Global Union's 2013 Lineup is Typically Worldly

Aug. 13, 2013
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Nomadic Massive
There aren't many music festivals that pride themselves on booking artists you haven't heard of, but Alverno Presents' Global Union festival in Bay View's Humboldt Park is an exception. Each year, the event prides itself in booking semi-obscure acts from around the world that fuse the sounds of their native lands with unlikely sounds seldom associated with those countries. Some of these acts are emerging and making names for themselves outside of world-music circles, others are content to fly below the radar, but all of them lend themselves to a lovely afternoon in the park.

Like last year, this year's Global Union will be a free, one-day event, running from noon to 6 p.m. on Saturday, Sept. 21. Today the organizers revealed the schedule, a typically eclectic assortment of international travelers with names I don't want to attempt to pronounce with one unusual outlier: Milwaukee's long-running gospel institution Masonic Wonders, an interesting local touch that many attendees probably won't be any more familiar with than the artists from Pakistan or Haiti.

Descriptions of this year's headliners can be found below, courtesy of a helpful press release from the event.
Tal National are from Niamey, the capital city of Niger. A domestic phenomenon, they’ve had several #1 songs in their home country and are constantly featured on national TV - folks in Niger leave their TVs on and use them as boomboxes.  Despite their popularity, they sell their discs on the street, at roundabouts, since there is no distribution system in the country. Tal National’s last CD pressing sold out in just one day.

Niger is West Africa’s largest nation, and one of the world’s poorest. Resting between Mali and Nigeria, and not far from Ghana, it enjoys a greatly varied mix of cultures and ethnicities, all richly steeped in music. Hence it is no stranger to highlife music, kora music, and afrobeat, while giving the world ‘Tuareg Blues’ and its own brand of Hip-Hop. The result is a joyously hypnotic, highly unique contribution to West African guitar music. Tal National are bringing something entirely new to the table.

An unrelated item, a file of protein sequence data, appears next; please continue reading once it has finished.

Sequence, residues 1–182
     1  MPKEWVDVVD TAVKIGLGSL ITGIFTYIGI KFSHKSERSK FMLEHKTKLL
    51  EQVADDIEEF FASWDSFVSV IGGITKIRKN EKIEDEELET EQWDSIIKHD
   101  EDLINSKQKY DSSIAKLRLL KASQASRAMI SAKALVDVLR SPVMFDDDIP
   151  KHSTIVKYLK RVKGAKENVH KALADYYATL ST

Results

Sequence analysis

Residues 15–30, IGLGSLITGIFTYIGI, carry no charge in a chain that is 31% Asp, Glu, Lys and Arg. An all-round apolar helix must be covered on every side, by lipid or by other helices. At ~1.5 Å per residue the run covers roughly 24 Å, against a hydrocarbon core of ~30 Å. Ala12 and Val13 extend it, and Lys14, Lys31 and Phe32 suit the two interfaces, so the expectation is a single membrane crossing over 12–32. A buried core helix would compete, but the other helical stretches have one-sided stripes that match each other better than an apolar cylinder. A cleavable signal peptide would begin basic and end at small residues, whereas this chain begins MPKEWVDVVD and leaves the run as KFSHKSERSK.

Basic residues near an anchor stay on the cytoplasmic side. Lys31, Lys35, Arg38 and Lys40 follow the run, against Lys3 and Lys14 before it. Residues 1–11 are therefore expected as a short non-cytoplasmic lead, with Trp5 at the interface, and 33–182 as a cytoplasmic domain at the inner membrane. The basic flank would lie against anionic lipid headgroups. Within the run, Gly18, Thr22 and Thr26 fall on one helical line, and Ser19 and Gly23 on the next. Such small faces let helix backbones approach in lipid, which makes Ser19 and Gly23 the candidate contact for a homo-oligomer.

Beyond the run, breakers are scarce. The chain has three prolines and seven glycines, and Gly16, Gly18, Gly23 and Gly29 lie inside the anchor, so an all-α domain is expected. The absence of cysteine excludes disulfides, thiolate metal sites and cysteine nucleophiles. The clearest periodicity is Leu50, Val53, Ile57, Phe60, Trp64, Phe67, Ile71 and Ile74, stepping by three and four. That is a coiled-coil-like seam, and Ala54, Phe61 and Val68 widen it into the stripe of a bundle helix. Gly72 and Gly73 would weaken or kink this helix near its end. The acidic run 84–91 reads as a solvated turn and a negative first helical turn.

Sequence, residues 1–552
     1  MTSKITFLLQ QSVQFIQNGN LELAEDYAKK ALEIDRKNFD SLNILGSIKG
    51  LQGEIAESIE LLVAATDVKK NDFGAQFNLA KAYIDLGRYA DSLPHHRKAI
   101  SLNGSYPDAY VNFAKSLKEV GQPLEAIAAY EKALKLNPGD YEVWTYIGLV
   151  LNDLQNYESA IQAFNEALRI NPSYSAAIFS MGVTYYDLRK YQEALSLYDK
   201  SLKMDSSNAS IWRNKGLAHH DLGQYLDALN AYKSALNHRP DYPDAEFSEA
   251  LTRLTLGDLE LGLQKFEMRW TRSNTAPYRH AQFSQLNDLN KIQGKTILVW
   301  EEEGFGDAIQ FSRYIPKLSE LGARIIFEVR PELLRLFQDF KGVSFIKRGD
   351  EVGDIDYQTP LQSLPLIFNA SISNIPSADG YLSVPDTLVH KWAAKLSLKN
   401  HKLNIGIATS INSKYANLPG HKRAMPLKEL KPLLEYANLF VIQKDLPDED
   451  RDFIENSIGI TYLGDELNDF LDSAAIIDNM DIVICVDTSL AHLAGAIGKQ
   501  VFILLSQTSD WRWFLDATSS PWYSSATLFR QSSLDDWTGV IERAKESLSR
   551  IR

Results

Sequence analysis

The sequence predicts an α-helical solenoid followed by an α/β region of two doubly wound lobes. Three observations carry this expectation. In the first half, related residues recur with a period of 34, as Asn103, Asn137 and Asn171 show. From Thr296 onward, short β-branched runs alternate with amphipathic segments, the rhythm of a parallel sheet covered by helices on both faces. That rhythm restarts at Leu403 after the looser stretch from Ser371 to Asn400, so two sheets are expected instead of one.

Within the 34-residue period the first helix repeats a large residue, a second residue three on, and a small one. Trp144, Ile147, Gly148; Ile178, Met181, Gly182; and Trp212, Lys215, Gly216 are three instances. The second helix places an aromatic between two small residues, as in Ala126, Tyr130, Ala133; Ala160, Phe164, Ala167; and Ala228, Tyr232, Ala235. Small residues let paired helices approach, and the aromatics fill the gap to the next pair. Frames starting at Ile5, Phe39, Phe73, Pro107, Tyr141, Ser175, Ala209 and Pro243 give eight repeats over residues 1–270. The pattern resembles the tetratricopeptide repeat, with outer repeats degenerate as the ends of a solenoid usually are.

The band is driven by the charismatic, forward-thinking bandleader, Hamadal “Almeida” Moumine, who also teaches at the local SOS Children's Village twice a week, serves as a judge in local courts, and had a successful soccer career before becoming Niger’s best-loved guitarist. In 2012, turning a dust-covered, half-abandoned studio into their rough-and-ready home base with help from Chicago-based producer Jamie Carter, Tal National laid down tracks all day, only to dash off to five-hour shows later in the evening. Carter sent the tracks along to FatCat, and the open-eared label signed Tal National in 2013.

Qawal Najmuddin Saifuddin & Brothers are one of Pakistan’s most esteemed Qawwali ensembles. The sons of Ustad Qawal Bahauddin Khansahab, the legendary maestro of the Khusrou tradition of Qawwali singing, Qawal Najmuddin Saifuddin & Brothers are direct descendants of the first Qawwali choirs dating back to the 13th century. Now the torch-bearers of more than 700 years of this mystical Sufi devotional singing tradition, Qawal Najmuddin Saifuddin & Brothers will travel from their home in Karachi to share this magical musical experience.